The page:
Broad Shoulders Update

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Archive for the ‘from the news feed’ Category

Temporary Closure of Teamwork Englewood Offices

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Due to the fire that occurred overnight on Thursday, Teamwork Englewood offices will remain closed and resume normal hours September 2nd, 2014.

Partners and clients have been notified; please continue to check the Englewoodportal.org and Teamwork Englewood website for updates.  

Teamwork Englewood

815 W. 63rd Street 

ChicagoIL 60621 Phone:

(773) 488-6600

 

Written by Teamwork Englewood - Latest news

August 29th, 2014 at 6:00 pm

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Extreme Makeover: CLT Home Edition

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Who doesn’t enjoy a room makeover contest with stunning results? The competition is even more gratifying when it serves a dual purpose: delighting a happy homeowner, and fostering awareness of the community land trust (CLT) housing model.

Written by Rooflines

August 29th, 2014 at 11:00 am

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Moving Forward: It’s What We Do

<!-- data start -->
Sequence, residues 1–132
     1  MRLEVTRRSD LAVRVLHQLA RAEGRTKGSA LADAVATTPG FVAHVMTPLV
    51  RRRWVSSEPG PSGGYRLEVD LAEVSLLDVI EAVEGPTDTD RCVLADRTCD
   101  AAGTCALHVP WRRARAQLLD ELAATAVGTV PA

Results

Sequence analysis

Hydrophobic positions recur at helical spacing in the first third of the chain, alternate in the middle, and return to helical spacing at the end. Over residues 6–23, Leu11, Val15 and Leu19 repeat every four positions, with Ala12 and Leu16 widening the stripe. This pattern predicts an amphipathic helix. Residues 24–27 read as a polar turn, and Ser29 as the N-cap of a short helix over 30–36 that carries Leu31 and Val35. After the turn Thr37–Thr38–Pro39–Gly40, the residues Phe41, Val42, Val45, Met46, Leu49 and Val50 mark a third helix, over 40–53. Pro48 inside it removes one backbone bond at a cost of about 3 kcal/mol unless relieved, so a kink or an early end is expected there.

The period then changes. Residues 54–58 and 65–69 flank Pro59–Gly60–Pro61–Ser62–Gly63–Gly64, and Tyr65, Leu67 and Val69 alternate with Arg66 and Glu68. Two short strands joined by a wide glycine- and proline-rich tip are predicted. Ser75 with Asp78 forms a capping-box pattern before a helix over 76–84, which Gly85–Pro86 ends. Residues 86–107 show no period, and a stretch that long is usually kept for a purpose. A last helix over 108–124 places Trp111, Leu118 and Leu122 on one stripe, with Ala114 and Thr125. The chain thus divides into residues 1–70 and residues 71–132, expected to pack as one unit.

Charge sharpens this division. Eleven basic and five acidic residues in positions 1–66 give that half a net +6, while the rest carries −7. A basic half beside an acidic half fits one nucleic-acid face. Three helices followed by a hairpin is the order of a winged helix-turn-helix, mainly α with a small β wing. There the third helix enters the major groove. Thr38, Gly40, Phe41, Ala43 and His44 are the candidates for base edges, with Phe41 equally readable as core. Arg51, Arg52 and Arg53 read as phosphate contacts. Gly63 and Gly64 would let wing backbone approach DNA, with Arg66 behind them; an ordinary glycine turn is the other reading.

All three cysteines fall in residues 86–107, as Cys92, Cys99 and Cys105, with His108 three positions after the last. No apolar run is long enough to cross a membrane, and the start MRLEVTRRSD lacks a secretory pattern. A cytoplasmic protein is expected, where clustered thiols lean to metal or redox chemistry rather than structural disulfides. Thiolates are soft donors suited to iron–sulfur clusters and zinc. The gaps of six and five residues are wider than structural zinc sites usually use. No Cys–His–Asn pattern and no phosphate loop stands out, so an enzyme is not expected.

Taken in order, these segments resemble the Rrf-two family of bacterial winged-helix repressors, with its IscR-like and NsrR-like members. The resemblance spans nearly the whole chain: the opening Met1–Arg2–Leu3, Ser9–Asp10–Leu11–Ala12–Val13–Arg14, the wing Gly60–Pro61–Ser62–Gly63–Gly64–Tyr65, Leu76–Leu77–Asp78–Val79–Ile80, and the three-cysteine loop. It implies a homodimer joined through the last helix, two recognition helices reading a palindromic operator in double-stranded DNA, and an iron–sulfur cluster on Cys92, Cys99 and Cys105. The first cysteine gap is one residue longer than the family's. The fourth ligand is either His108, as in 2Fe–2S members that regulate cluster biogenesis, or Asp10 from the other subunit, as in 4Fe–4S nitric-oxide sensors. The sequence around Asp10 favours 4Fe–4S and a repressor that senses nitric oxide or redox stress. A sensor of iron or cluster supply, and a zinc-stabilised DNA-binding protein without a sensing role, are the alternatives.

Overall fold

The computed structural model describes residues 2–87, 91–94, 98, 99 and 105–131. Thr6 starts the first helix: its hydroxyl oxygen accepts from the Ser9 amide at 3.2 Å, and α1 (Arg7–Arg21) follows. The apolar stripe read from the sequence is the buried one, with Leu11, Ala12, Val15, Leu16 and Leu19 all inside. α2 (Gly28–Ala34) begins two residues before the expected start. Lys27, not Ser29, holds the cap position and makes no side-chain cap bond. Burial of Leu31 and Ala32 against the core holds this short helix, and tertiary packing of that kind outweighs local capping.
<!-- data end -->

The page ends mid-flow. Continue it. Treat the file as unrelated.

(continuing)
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It is with an odd combination of relief and sadness that I see that my hometown, my community is no longer the lead in national headlines, no longer the first visual on national cable news and no longer the most trending hashtag.  My organization has owned almost 20 single family rental homes in Ferguson, Mo., for over a decade and Michael Brown graduated from the school district that is our targeted geography for our community building efforts. My first thoughts about this tragedy were shared in local media and can be found here. I wanted to use this space in Shelterforce, however, to talk my peers in our difficult field of housing and community development.  My message to you is to take a moment and make sure you are taking of yourself and your staff. I have been in this field since 1986 and have seen my share of difficult and challenging events in the lives of those we serve and our larger community.  The tragic death of Michael Brown, or Big Mike as he was known by his friends, has shaken me like nothing else I have experienced. I cannot understand how a parent buries their child and ask that each of you take a moment and steep in that idea. I further cannot understand how a police officer like Darren Wilson who previously had not had any issues suddenly is thrust into the role of villain and has had his life ruined. I will leave it to the justice system to work through all the issues in this case and hope that all the protesters continue to push our local prosecutor to ensure a fair, just trial.  The picture above is of me and a number of Mike’s fellow 2014 graduates from Normandy High School. My organization,Beyond Housing, has the unique opportunity to send this talented group to Carnegie Hall for a choir competition. These young folks are talented, passionate and destined for great things.  So was Mike. How do we in this work come to terms with the sadness, grief, and trauma that encroaches on our daily efforts to make change in our communities?